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Hi I am building a pocket altitude, temperature and humidity meter with 1.8" TFT display. I have a 1000mah 3.3v Li-ion battery to power the whole system. I also need to display the battery level in percentage in the device. I am confused about which way i need to use. The same battery is powering the device so using voltage divider is not useful because of the ADC reference depends on the battery. Can you guys help me to overcome this?

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marked as duplicate by winny, Finbarr, laptop2d, Warren Hill, Bimpelrekkie Apr 4 at 12:01

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The same battery is powering the device so using voltage divider is not useful because of the ADC reference depends on the battery.

It sounds like you are running this without a voltage regulator, such that the supply voltage to the MCU varies with the battery.

In that situation, the best course of action is typically to momentarily turn on the ATmega's internal bandgap reference, measure that with the supply-referenced ADC, and then calculate backwards from the data sheet's value of the bandgap reference to the supply voltage that would produce the measured ADC counts. (Some MCU's also get a factory-measured item-unique calibration value stored somewhere you can read at runtime, not sure the ATmega does however)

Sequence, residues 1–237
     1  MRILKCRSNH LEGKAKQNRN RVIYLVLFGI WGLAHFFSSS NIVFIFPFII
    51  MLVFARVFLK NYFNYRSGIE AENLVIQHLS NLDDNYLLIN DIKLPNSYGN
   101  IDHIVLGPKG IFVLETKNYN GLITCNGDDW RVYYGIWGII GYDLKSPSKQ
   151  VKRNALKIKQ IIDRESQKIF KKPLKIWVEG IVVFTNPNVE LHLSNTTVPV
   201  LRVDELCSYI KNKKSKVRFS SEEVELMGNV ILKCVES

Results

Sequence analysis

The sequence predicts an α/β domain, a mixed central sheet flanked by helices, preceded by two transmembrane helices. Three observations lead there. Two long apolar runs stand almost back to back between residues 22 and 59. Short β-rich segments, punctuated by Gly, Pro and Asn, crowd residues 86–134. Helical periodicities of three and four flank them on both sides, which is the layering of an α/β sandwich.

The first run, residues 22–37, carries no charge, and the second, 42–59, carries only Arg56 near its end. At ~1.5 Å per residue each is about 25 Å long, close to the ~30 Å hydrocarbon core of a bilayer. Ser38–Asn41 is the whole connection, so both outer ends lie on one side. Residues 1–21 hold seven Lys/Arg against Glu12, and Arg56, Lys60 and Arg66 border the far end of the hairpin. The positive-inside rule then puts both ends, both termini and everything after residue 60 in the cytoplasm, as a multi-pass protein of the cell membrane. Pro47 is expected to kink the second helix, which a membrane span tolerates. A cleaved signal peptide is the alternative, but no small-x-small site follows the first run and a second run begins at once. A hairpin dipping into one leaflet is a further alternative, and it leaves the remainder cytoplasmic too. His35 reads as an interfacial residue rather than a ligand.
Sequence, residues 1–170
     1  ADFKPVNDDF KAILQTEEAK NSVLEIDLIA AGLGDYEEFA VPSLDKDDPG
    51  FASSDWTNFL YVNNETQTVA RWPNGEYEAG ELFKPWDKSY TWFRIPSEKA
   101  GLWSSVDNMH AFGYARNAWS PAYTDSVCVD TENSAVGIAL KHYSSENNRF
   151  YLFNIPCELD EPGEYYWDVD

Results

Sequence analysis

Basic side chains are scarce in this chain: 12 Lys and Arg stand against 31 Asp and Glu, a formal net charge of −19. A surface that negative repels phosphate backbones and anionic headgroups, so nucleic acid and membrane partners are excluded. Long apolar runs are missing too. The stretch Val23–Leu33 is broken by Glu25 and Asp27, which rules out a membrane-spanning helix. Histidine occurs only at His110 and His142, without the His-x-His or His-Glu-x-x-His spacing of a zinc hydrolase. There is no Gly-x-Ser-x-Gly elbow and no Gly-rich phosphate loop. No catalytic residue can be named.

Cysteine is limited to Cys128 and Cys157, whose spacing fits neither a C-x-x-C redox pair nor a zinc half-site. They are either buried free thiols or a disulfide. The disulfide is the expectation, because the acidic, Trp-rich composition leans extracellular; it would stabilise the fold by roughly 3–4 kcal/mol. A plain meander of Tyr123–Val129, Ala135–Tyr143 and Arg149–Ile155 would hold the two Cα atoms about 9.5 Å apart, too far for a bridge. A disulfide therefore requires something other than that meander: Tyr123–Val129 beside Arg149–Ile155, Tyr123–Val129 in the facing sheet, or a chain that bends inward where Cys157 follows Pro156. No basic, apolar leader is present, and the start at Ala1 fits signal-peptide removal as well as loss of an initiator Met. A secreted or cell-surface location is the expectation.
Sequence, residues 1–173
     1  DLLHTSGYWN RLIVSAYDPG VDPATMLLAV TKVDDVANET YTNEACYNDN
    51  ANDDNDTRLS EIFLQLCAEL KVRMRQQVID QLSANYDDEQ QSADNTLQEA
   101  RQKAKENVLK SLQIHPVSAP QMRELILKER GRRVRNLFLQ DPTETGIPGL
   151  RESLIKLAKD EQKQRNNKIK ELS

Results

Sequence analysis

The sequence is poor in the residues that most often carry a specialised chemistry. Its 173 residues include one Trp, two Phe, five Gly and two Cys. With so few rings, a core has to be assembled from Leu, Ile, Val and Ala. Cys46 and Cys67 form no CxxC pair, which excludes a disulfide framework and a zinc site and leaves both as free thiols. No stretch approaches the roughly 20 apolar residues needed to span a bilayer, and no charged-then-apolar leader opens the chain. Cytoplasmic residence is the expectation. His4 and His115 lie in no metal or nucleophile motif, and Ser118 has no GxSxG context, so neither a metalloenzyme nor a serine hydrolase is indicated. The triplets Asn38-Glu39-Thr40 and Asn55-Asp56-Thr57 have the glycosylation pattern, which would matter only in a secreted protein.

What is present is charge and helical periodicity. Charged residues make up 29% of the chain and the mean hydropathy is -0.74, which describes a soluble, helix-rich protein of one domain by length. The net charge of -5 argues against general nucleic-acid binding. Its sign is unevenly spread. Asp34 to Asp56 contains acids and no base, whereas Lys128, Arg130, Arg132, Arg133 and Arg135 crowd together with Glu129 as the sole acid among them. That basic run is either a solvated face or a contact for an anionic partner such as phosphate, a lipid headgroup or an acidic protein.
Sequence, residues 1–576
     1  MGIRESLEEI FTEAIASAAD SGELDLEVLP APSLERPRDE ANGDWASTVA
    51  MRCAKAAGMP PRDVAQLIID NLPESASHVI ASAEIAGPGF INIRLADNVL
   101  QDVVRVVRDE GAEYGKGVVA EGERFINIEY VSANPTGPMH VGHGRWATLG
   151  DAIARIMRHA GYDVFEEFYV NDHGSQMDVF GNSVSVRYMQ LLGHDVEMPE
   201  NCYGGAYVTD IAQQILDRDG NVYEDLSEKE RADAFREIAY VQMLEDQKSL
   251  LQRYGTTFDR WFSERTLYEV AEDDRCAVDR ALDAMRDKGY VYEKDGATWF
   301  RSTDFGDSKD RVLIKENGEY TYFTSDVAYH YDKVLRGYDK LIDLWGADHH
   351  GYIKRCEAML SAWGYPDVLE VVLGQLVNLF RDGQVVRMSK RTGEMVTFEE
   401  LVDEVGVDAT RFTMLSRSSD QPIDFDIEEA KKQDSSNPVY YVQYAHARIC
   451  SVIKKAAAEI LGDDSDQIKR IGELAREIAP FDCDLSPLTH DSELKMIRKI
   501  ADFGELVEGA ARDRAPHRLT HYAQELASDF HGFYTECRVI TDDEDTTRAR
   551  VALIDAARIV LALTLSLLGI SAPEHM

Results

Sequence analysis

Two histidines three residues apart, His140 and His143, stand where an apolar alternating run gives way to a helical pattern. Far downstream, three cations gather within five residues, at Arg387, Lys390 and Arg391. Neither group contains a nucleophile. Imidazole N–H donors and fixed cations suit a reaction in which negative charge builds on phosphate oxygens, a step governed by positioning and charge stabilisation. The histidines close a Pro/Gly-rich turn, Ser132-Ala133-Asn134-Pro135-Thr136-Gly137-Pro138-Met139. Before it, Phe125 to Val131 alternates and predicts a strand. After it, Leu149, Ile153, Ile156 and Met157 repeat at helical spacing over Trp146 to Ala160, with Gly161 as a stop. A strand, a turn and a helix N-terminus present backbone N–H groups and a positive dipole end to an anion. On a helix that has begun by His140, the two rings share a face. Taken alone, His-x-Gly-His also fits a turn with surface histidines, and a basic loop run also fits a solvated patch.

Then you can turn the internal reference back off to save power. Probably you want to put some thought into what else you can turn off, and sleeping the processor, turning off the display, etc to save power. Or even give it a manual power switch.

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  • \$\begingroup\$ maybe i can use a linear voltage regulator, in that case what you prefer? \$\endgroup\$ – Suhail Jr. Apr 2 at 15:43
  • \$\begingroup\$ If all of your parts can tolerate the variation in battery voltage, then a linear regulator will only waste power. There care cases where a carefully chosen switching regulator can help, but that seems likely more complex than your project. \$\endgroup\$ – Chris Stratton Apr 2 at 15:46
  • \$\begingroup\$ can you please help me to choose which is the best way to do this. You are pointing out that the voltage regulator is not needed. So if i do without the voltage regulator, which is the best way to do it. The voltage divider do the job? \$\endgroup\$ – Suhail Jr. Apr 2 at 15:49
  • \$\begingroup\$ This purpose of this site is to answer specific questions, not to "help you chose". With the technique described in this answer, you do not need a voltage divider, there is not no circuitry to the external MCU involved at all, other than ideally filtering and bypassing the analog supply. Designing for decent service life on battery power is a quite complex problem going far beyond what you are presently contemplating however. \$\endgroup\$ – Chris Stratton Apr 2 at 16:02
  • \$\begingroup\$ @ChrisStratton Somehow I have managed to read your answer and completely overlook the main point of your answer, which was to use the internal reference. Oops. \$\endgroup\$ – Hearth Apr 2 at 16:04

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